When a good friend recently came down with a horrible cold, it was suggested her ailment could be cured with honey and cinnamon powder which, when ingested once a day for three days, allegedly cures chronic cough and cold. Sounds like a bit of sweet quackery to me, but who am I to judge? I hail from the “castor oil generation”.
My grade school teachers were forever telling my mother I was too pale (what Irish girl isn't?); Mom's remedy for what ailed me was a nightly teaspoon of castor oil. If you don't know what that is, consider yourself lucky. Castor oil, a foul tasting vegetable oil obtained from the castor bean, supposedly possesses great health benefits. The very smell of the stuff was repugnant to me, and swallowing it was a nightmare, but Mom believed castor oil would perk me right up. Had I known back then what I do now, that castor oil is widely used as a laxative, I would have mounted a much greater resistance. As it was, I took my “medicine” because Mommy said to. Did it work? Decades later, I'm still a pale Irish gal, so you decide.
The nuns who were so worried about my youthful constitution employed questionable medical practices of their own. When I fell and slid down a hill of concrete on my back, a nun quickly applied Mercurochrome, routinely used as an antiseptic, to my abrasions. The reddish brown liquid stung like a tooth-ache and stained my skin red, camouflaging any lurking infection. Even as a little kid, I wondered about the benefits of something that hurt so badly. Back then, we were commonly warned not to touch the red stuff inside a glass thermometer if the thermometer were to break; shouldn't the nuns have known, then, not to paint my back with the same poison? The FDA later banned Mercurochrome because it contained (gasp!) mercury.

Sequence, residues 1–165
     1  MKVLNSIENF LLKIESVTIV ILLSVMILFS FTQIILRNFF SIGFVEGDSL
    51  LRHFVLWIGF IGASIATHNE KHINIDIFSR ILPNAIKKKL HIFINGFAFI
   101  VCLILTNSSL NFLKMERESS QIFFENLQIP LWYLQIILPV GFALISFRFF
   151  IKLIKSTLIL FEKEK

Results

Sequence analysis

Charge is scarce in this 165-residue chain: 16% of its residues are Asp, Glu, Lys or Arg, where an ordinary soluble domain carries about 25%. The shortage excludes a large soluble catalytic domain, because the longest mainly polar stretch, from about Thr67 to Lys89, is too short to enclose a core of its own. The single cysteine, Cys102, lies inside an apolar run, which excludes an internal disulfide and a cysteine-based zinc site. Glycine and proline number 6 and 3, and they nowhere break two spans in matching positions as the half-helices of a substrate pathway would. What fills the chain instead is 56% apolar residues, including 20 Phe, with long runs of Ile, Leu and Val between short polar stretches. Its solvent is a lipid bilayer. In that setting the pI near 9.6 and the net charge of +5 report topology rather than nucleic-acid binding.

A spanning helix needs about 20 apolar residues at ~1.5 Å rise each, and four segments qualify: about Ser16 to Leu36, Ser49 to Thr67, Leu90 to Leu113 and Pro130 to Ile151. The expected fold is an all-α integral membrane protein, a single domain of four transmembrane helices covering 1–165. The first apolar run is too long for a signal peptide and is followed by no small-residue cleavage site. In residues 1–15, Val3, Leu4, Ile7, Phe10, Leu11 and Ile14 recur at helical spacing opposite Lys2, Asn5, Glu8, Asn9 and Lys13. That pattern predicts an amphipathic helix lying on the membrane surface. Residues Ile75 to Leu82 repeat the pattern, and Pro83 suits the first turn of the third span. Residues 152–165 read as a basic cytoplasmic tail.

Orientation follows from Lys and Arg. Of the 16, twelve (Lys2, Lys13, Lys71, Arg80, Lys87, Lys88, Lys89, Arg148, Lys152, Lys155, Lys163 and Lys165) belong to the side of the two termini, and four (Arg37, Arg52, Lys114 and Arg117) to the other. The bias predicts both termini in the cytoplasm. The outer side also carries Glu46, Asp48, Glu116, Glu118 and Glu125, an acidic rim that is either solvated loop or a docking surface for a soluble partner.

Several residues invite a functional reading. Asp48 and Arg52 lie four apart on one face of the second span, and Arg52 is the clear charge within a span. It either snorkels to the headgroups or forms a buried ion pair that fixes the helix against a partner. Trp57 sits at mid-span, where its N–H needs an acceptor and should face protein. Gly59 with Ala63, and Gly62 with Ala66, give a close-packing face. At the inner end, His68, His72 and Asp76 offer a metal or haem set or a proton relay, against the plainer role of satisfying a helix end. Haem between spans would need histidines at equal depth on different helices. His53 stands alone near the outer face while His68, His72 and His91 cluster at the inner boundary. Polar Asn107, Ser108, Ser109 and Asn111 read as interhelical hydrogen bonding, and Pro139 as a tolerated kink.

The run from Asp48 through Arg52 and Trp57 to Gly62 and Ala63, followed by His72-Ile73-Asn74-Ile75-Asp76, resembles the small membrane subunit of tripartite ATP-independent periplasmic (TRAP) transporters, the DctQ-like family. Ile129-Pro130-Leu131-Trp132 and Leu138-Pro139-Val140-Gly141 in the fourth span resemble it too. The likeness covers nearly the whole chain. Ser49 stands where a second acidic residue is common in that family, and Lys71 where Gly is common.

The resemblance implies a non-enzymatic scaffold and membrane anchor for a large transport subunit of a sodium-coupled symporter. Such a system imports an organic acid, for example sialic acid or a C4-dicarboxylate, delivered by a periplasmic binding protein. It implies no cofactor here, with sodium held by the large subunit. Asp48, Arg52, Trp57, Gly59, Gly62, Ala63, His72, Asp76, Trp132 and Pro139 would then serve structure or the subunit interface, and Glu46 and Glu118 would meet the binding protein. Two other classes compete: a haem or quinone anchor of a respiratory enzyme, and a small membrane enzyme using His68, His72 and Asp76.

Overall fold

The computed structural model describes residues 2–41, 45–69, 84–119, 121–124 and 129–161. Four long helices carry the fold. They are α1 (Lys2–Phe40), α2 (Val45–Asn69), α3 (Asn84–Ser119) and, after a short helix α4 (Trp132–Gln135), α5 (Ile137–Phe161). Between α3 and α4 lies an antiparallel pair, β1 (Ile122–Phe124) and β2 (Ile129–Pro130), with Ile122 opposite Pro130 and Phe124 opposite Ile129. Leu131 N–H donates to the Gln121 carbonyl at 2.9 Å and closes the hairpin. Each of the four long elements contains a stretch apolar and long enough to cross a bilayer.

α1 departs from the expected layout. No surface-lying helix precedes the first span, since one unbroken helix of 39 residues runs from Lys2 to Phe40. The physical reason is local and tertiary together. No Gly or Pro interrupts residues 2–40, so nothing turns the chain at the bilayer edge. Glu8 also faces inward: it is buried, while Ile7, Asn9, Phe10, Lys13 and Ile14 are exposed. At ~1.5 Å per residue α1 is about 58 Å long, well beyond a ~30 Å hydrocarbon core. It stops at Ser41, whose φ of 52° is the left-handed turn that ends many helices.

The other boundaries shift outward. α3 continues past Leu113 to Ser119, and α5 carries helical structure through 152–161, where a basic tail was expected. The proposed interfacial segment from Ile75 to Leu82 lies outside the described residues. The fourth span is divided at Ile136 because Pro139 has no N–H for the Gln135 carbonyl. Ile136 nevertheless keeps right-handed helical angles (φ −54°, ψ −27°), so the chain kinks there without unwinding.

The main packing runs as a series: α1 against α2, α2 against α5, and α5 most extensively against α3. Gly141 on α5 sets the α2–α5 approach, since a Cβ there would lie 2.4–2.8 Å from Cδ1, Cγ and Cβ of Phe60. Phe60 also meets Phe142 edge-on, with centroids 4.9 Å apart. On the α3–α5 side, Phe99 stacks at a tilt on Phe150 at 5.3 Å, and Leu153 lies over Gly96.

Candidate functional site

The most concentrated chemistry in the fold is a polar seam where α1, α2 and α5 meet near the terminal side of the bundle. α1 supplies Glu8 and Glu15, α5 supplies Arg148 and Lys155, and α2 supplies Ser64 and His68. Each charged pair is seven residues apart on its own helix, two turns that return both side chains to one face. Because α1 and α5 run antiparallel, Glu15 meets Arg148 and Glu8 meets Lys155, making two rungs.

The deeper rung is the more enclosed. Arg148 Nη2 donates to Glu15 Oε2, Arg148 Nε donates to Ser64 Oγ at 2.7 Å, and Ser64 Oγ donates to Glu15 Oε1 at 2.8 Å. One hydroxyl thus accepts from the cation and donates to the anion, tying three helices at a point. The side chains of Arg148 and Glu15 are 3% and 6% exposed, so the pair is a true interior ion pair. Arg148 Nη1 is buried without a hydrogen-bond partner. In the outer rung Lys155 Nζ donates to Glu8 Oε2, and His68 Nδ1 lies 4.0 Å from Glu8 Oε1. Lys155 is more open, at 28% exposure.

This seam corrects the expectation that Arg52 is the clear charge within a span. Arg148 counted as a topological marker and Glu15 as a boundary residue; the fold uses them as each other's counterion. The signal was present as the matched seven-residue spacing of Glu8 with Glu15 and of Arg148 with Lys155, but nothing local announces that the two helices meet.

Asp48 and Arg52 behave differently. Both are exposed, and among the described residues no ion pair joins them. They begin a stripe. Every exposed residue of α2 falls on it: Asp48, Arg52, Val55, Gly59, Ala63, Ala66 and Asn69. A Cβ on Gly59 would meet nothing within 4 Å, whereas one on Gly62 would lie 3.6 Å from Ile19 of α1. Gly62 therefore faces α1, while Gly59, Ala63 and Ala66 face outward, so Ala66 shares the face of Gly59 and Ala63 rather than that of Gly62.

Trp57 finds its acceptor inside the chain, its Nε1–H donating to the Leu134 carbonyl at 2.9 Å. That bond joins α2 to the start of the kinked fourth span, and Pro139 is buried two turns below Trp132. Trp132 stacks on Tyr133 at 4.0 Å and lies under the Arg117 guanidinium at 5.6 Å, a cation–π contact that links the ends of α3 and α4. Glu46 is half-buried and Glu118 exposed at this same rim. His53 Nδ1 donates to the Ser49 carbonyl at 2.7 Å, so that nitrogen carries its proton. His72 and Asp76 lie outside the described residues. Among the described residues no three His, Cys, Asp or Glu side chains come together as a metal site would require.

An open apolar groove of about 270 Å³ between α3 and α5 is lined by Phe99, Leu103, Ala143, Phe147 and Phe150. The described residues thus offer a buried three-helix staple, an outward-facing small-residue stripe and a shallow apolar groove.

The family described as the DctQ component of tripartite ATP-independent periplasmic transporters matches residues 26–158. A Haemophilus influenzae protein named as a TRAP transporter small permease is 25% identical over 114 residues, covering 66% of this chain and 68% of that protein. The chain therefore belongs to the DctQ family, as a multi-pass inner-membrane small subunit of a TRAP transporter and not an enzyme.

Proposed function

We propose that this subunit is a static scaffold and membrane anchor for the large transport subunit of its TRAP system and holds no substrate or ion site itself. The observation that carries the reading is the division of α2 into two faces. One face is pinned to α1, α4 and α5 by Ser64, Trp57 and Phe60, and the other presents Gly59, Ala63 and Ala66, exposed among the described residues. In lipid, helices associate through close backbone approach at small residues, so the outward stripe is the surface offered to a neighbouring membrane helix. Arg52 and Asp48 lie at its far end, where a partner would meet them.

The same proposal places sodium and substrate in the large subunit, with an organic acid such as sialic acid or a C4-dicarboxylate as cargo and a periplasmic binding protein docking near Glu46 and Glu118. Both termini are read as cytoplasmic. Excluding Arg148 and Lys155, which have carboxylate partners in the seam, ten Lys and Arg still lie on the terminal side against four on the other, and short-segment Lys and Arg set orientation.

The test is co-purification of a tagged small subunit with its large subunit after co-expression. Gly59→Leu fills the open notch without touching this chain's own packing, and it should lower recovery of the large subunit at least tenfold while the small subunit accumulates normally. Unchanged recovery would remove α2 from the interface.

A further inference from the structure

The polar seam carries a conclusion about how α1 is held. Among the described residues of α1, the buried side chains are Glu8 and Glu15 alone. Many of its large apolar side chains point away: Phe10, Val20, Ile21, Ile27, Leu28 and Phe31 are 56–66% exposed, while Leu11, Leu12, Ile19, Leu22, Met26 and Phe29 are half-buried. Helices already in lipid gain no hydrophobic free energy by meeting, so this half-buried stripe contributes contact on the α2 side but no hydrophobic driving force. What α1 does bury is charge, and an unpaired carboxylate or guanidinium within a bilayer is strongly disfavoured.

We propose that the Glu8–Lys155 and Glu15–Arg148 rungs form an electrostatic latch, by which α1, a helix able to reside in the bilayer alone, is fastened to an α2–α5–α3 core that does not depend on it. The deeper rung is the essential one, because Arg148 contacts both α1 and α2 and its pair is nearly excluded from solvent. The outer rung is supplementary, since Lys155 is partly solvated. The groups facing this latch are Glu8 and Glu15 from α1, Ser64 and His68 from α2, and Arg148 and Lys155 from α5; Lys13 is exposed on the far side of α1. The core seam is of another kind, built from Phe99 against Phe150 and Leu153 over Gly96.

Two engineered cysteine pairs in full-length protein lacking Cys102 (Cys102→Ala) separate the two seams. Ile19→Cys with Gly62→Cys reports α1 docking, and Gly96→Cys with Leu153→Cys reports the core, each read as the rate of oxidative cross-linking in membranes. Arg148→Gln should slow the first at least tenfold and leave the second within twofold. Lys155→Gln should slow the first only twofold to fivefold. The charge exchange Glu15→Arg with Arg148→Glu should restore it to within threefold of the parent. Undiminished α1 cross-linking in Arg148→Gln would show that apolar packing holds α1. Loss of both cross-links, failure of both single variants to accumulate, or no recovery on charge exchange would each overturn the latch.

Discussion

While my Mom was medicinally armed with castor oil, my Dad's weapon of choice to combat the common cold was Vicks VapoRub. I must admit, Vicks cleared up chest congestion, but the poor patient reeked of it. Vicks remains popular to this day though there are some rather alarming stories about its use. For example, my father-in-law, now deceased (had nothing to do with Vicks!), ingested the green stuff whenever he was sick. Despite physician warnings against this practice (the product's petrolatum is said to accumulate in the lungs and cause inflammation called chemical pneumonitis), people still smear Vicks around their nostrils or, like my father-in-law, eat it to cure a cold (and I thought castor oil tasted bad!)
I suppose there is a folk remedy in every family's history. My paternal grandmother, of Irish descent, gave my dad hot lemonade to cure his sore throat; my Scottish maternal grandparents swore by the hot toddy, a mixture of whiskey, citrus, and hot water. An old British remedy for a sore throat involved wrapping dirty socks or bacon around your neck. The Irish believed applying salt herring to the soles of the feet cured a sore throat; similarly, nowadays some folks smear their soles with Vicks to do the same. To each his own, as they say, but I'll fight the common cold the old fashioned way: with my Aunt Sarah's chicken soup, ice cream, and ginger-ale. Oh, yes, and just a wee bit of Vicks (no, I don't eat it).
But you can keep the castor oil.